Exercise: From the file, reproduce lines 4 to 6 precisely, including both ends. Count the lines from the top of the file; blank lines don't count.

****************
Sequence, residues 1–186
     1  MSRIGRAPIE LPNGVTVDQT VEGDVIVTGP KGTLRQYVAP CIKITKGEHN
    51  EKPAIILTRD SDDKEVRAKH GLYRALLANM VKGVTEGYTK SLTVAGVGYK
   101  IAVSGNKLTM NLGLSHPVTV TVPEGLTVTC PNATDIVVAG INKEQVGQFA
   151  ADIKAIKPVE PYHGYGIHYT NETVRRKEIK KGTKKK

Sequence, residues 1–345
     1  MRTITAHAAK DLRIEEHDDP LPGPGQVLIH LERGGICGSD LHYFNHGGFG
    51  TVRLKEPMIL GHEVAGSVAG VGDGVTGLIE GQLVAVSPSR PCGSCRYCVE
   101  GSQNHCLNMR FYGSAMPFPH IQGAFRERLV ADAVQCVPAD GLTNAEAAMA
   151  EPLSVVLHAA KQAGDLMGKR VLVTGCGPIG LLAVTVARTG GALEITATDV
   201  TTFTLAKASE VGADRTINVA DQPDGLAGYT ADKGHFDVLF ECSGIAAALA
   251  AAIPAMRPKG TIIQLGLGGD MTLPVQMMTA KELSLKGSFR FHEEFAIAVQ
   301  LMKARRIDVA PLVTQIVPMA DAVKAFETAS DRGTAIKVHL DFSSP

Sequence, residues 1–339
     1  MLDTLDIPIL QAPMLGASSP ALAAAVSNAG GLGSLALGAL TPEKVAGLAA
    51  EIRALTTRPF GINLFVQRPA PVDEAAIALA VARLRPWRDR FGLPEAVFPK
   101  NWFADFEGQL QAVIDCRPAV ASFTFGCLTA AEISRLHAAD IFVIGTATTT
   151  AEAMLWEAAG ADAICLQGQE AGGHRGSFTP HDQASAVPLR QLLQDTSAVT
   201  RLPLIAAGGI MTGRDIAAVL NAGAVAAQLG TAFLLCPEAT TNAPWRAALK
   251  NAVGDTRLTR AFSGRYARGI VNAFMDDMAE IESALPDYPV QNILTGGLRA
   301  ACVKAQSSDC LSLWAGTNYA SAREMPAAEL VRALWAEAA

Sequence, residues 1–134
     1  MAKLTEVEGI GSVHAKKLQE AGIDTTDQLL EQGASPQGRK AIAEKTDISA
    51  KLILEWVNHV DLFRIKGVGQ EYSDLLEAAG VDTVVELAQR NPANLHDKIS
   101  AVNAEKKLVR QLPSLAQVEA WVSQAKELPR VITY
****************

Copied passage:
   101  IAVSGNKLTM NLGLSHPVTV TVPEGLTVTC PNATDIVVAG INKEQVGQFA
   151  ADIKAIKPVE PYHGYGIHYT NETVRRKEIK KGTKKK

Sequence, residues 1–345